Tsunami and the Alaskan earthquake

I was 10 years old and we were living just south of San Francisco, in the peaceful coastal town of Pacifica. After a 9.2 Alaskan earthquake hit, it was natural to keep a close eye on the situation. It takes about 5-6 hours for it to reach the bay area. I didn\’t worry. I was a kid and left it to the grownups. They had cars going through the neighborhoods, with bull horns telling everyone to get to higher ground. My mom freaked out. (She always freaked out) my younger sister was crying. Dad was calm and I always preferred my dad\’s calmer leadership. 

We all went up to Sweeney Ridge –  Parents were concerned; oldtimers talked of past tsunamis warnings, while the children saw it as an opportunity to just have fun. Some of us sat in the back of my dad\’s truck and told stories about tidal waves and earthquakes.   It was like this huge tailgate party. As always, the surfers were probably the only ones who did not evacuate. 

Crescent City Ca – About 20 miles south of the Oregon border.

First, there were three smaller waves that pushed into storefronts and businesses causing little damage and a false sense of calm in the people trying to clean up. Then the big wave, cresting at nearly 21 feet, slammed into the Downtown, killing eleven people and devastating 29 city blocks. This was the worst tsunami disaster recorded in the U.S., causing millions of dollars in damage and shaping what Crescent City’s Downtown looks like today. Over 289 buildings and homes were destroyed after being pushed off their foundations or damaged by rising waters, resulting in most of the Downtown being rebuilt. The massive quake unleashed a tsunami that reached heights of 150 feet in the open ocean and spread across the Pacific, striking the coasts of southeast Alaska, British Columbia, and the United States.

The San Francisco Bay wasn\’t exempt – although minor compared to Crescent City – Fishermen\’s wharf knocked around a few docks and boats – same with all harbors down the coast. 
A few years ago – Battery Point Lighthouse in Crescent City. 
Today I live 260 miles east of Crescent city and there isn\’t a time, that I don\’t think about that Tsunami. Every time we\’ve driven through – every time I hear of an Alaskan Earthquake I think of them. 
I also thought about an acquaintance who moved up to Alaska a couple of years ago – She lives on the Kenai Peninsula, south of Anchorage. I\’m sure she felt yesterday\’s earthquake –  haven\’t heard anymore. The quake was close to Kodac. My husband was stationed in Kodiac when in the Coast Guard, so he\’s quite interested. 
I\’ve always been fascinated by the study of earthquakes, tsunamis, volcanos, etc. I guess it was bound to happen, having lived in San Francisco as a child and learning about the 1906 earthquake in kindergarten – earthquake drills were second nature in the classrooms.  Then evacuating an incoming Tsunami when I was 10. Now I live inland – not far from Mt Shasta and Mt Lassen – which are not entirely dormant Volcanos. The last time Mt Lassen erupted was in 1915. Mt Shasta, is overdue. I follow the USGS gas samplings from time to time. They have been doing these since around the late 60\’s – any severe jump in Magna readings could predict another eruption, hopefully not in my lifetime.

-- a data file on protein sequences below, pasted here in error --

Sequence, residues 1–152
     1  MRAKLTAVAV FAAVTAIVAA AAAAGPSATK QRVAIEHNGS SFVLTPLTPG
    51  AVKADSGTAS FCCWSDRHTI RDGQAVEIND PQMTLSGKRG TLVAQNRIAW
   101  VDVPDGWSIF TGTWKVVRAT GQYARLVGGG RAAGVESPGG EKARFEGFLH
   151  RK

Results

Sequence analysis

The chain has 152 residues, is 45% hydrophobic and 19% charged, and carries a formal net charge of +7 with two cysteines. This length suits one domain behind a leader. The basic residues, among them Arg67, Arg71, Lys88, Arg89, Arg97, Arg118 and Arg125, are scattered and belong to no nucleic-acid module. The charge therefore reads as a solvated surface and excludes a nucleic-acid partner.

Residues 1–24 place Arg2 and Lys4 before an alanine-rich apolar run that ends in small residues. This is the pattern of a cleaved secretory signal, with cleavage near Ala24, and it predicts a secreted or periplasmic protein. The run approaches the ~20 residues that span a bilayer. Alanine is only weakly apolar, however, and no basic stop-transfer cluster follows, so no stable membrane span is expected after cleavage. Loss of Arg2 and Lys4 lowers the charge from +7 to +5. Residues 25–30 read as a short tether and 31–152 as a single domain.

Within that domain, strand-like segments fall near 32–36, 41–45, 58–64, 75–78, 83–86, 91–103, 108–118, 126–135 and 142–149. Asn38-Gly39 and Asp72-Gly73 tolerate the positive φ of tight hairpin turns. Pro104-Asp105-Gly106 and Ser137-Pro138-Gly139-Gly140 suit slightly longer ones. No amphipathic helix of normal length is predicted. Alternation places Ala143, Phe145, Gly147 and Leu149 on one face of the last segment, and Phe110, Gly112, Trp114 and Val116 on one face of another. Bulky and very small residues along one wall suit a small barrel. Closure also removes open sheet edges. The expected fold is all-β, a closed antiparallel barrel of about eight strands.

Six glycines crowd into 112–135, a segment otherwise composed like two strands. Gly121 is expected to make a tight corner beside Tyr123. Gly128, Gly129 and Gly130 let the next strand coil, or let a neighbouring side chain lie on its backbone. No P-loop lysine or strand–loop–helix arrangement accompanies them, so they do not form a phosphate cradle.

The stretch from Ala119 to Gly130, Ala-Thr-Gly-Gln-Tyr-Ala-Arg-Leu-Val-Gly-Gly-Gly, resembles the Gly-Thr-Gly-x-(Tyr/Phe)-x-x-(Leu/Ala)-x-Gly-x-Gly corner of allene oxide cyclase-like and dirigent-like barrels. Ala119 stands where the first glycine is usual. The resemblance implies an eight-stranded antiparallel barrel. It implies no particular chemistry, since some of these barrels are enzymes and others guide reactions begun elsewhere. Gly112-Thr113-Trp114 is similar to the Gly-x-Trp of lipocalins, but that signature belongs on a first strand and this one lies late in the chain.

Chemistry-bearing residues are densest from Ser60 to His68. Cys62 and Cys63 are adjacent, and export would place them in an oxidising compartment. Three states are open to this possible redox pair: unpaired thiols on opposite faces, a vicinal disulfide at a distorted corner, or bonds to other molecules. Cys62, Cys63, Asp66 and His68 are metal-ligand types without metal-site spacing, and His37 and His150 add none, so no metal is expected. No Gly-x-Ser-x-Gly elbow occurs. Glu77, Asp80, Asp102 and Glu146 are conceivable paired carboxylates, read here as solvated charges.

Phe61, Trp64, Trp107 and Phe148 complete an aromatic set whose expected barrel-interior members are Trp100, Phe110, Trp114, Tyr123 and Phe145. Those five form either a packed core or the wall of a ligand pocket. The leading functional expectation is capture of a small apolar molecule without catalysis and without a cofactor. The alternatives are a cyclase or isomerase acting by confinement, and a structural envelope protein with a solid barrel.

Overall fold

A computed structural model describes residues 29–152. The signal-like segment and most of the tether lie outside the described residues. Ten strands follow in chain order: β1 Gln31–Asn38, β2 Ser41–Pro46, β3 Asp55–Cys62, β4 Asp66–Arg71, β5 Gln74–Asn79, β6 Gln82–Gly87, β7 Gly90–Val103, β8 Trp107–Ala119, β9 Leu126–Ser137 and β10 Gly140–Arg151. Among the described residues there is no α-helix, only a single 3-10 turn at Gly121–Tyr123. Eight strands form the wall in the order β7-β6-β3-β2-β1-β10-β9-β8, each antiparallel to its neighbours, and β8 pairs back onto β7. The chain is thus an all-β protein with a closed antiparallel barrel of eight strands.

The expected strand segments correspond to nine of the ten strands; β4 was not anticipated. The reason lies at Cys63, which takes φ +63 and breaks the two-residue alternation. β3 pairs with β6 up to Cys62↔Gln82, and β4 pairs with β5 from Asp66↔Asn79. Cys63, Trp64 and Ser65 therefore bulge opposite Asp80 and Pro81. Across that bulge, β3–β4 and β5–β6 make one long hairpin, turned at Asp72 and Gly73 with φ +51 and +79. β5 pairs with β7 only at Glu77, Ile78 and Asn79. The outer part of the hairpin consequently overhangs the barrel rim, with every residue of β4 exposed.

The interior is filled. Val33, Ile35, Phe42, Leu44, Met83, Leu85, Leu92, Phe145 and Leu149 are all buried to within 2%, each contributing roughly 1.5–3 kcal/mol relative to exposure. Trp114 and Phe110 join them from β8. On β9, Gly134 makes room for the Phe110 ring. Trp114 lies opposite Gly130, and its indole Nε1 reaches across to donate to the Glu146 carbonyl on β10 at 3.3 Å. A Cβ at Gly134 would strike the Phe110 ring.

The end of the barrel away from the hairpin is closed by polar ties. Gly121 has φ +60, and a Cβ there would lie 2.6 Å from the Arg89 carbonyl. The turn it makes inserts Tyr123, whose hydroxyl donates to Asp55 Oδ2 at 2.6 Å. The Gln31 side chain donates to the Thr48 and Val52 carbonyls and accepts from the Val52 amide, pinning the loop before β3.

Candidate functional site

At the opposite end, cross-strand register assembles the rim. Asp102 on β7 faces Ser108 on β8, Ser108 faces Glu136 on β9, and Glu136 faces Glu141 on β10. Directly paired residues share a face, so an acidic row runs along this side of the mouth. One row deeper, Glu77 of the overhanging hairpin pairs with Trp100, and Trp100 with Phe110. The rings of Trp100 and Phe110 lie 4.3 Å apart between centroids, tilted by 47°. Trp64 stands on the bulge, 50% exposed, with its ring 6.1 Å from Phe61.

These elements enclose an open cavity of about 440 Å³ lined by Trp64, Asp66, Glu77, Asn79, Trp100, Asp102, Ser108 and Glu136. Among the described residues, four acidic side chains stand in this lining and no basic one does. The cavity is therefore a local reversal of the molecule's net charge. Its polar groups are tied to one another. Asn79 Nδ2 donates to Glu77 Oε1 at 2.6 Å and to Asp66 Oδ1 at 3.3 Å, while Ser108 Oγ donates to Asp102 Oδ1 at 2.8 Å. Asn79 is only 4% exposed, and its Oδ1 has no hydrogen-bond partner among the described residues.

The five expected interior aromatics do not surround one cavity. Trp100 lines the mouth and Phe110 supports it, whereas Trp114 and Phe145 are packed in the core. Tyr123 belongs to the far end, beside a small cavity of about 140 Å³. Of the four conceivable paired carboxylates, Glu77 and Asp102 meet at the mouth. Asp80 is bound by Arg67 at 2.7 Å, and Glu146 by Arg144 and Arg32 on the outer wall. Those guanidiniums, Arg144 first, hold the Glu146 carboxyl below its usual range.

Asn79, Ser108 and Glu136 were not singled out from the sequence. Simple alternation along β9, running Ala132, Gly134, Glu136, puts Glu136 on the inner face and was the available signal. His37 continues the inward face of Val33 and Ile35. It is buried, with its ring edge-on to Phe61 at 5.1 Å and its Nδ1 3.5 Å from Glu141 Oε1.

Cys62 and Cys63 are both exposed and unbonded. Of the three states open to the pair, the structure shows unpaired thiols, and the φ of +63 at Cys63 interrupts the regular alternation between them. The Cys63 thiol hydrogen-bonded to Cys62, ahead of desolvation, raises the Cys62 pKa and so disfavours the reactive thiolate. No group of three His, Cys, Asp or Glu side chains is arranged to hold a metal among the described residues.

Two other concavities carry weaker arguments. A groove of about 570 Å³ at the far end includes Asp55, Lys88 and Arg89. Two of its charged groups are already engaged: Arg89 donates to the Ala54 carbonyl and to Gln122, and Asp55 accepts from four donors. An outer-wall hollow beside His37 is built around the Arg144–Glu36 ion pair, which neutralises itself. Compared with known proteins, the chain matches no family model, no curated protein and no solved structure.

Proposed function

8 thoughts on “Tsunami and the Alaskan earthquake

  1. Anonymous July 29, 2021 / 11:22 pm

    I wasn't aware the U.S. had been hit by a tsunami. It's sobering. Love,Janie

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  2. Anonymous July 30, 2021 / 1:22 am

    I heard about the earthquake in Alaska. Tsunami's are scary! So interesting to read your memories of that one. I did laugh at your comments about your Mom and Dad. We didn't have earthquakes and Tsunamis, but we had tornados. My mom was always freaked out and getting us into the basement, yelling at my Dad to come downstairs while he was looking out the door, checking the weather! 🙂 Her fear was natural though because shortly before I was born, a bad tornado went through our town and killed 15 people.

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  3. Anonymous July 30, 2021 / 1:37 am

    I found this an interesting reaad

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  4. Anonymous July 30, 2021 / 3:08 pm

    I'm glad nothing \”bad\” happened with the recent earthquake. Before the quake, I had just been reading that USGS was saying there are 6 volcanoes in the Ring of Fire that might be fixin' to blow. Maybe this will calm the area and there won't be any eruptions. I know that must be weighing on most Alaskans minds right now.Every area one can live in has some kind of natural disaster to look out for, doesn't it?! I grew up in Florida and ours was Hurricane Season with occasional tornadoes or lightning strikes thrown in for good measure. Keeps us on our toes.Y'all stay safe.Blessings. xx

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  5. Anonymous July 30, 2021 / 9:50 pm

    Well you learned something.

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  6. Anonymous July 30, 2021 / 9:51 pm

    Frankly I think tornadoes and hurricanes are scarier. Just terrible.

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  7. Anonymous July 30, 2021 / 9:51 pm

    Happy you enjoyed it,

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  8. Anonymous July 30, 2021 / 9:53 pm

    I hope it wasn't one of ours. Ha I don't think Mt Lassen or Shasta is that imminent. I agree, every area has their calamity. You choose to live there or you move to a place with a calamity you can live with. lol

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